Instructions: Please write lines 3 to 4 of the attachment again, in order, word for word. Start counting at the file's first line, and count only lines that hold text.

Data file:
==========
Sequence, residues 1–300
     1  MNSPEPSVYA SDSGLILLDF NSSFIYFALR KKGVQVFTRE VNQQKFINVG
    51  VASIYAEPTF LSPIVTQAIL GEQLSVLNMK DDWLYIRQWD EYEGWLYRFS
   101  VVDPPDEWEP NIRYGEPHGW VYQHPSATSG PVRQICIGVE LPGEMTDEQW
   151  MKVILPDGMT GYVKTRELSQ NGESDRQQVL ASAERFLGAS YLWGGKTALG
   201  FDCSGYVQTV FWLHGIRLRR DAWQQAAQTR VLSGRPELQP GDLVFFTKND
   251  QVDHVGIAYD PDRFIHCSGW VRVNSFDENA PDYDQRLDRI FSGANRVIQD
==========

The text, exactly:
    51  VASIYAEPTF LSPIVTQAIL GEQLSVLNMK DDWLYIRQWD EYEGWLYRFS
   101  VVDPPDEWEP NIRYGEPHGW VYQHPSATSG PVRQICIGVE LPGEMTDEQW